This week I’ve been trying to finish up the various projects I’ve been working on. I’m also spending more focused time with the girls. It’s funny how the prospect of leaving makes me evaluate what’s important to me: I’m really going to miss being here every day. For two years, I’ve been here every morning. Now, I will have left long before the girls get out of bed. I’ll miss the routine we’ve built (cacao, feeding the dogs, walking Panda to the bus stop).

To my readers who have encouraged me these last few months, thank you. Your words have helped me more than I can express. This has been a difficult time for all of us here (Beautiful Wife included), and knowing that there are people out there pulling for us, has kicked my ass on more than one occasion. I’ll let you know how the job goes, without disclosing any real information.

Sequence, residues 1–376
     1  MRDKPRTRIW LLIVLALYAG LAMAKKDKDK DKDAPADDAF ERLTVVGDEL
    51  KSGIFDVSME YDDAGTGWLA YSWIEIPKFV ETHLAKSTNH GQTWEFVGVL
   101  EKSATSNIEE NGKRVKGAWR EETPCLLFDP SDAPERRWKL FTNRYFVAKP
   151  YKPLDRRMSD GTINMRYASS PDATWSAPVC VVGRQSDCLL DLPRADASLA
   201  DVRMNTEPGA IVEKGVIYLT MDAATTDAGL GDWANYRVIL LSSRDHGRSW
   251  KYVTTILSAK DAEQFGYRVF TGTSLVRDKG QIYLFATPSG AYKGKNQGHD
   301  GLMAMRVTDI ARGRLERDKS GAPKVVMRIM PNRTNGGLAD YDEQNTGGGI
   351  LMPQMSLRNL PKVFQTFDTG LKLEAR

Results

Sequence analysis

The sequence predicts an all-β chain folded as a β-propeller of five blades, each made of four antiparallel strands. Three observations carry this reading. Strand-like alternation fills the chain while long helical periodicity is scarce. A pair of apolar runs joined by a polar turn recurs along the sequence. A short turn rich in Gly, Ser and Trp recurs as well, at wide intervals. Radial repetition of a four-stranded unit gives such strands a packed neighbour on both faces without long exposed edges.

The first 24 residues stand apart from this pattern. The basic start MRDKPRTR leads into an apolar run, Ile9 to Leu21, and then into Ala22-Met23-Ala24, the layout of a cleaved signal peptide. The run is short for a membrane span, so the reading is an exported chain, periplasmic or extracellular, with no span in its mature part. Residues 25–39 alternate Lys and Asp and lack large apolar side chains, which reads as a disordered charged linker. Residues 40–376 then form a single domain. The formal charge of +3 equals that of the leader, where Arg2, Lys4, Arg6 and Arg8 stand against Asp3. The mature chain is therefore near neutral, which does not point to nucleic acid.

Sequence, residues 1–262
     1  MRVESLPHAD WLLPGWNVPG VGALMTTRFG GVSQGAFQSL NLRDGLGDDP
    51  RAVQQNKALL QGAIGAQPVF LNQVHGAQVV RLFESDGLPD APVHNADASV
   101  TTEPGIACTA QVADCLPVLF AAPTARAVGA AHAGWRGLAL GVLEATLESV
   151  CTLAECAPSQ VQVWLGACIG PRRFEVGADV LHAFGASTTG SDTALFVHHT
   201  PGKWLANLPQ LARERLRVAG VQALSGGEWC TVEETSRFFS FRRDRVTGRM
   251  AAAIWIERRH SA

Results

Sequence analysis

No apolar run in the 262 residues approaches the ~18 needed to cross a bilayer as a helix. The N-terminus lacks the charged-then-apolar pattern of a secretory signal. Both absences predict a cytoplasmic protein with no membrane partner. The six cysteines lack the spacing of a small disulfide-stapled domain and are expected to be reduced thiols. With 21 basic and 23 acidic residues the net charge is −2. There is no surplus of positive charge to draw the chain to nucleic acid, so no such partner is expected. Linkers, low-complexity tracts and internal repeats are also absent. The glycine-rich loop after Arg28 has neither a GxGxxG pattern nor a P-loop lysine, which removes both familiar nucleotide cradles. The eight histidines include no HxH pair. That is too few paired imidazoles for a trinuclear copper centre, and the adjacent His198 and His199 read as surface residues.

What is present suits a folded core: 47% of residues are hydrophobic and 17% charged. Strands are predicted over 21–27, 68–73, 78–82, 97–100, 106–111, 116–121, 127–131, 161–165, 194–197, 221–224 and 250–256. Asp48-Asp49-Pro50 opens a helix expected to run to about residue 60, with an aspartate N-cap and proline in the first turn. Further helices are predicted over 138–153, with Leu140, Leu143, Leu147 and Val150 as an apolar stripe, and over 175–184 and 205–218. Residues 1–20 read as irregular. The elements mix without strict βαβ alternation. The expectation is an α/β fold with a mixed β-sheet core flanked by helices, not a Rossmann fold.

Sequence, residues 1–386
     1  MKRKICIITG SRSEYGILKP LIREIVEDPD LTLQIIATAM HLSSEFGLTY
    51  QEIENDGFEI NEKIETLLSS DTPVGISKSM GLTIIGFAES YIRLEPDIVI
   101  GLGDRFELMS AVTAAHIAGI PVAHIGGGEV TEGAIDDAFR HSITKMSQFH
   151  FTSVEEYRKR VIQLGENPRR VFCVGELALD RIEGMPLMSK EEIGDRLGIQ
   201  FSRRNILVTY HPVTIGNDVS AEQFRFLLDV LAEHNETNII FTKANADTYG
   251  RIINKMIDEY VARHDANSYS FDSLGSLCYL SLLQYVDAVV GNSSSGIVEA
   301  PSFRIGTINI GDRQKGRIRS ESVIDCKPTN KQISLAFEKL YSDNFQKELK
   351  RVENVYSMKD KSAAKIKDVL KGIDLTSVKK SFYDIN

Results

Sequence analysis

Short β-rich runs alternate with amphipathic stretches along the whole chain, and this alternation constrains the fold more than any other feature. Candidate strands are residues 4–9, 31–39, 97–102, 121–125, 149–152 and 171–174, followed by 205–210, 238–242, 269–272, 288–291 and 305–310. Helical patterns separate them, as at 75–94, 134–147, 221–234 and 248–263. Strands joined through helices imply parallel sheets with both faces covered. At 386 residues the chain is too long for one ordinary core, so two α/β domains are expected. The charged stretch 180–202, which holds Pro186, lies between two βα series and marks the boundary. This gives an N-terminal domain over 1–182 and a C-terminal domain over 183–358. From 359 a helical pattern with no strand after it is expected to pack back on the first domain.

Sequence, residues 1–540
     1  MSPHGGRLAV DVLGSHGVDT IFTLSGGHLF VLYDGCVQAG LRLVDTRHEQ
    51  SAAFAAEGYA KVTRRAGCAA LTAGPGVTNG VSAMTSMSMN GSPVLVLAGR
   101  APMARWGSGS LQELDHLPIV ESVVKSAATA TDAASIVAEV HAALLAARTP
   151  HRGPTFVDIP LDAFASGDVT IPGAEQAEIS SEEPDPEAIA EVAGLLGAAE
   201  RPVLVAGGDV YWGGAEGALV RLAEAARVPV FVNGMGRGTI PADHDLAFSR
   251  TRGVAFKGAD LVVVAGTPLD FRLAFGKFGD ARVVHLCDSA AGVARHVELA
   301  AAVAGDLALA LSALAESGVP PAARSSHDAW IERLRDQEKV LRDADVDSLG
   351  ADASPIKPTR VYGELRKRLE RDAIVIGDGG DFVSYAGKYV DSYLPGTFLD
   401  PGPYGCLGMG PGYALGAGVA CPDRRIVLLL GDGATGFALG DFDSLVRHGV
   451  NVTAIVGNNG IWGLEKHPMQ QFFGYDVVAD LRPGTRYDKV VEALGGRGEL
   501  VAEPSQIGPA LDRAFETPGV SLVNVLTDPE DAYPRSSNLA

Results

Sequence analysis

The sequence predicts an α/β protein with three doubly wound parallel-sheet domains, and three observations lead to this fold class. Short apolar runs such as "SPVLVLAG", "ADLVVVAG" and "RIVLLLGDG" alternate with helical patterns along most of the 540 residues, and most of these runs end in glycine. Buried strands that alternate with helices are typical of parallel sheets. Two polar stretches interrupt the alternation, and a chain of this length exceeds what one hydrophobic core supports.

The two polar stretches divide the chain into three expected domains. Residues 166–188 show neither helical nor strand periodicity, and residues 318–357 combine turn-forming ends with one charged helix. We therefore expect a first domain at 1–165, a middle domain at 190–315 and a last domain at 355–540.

Alltop – I’m in!

For those of you that commented on my last post, please indulge me today. I know I promised you some introductions, and I WILL get to them, tomorrow at the latest. Please, please stop flooding me with comments on this! I don’t know how to do the ‘comments closed’ thing in WordPress, and I’m too lazy tonight to figure it out.

I joined Alltop! So cool! And, get this, my listing is only 1 row ‘below the fold’!! How cool is that? FYI, ‘below the fold’ is an old printing term applied to newspapers. If your ad or article was below the half of the paper that the main headline was on, you were ‘below the fold’. My monitor doesn’t fold, but I imagine that in the computer context, it means below the page that is visible. On your monitor. At the time.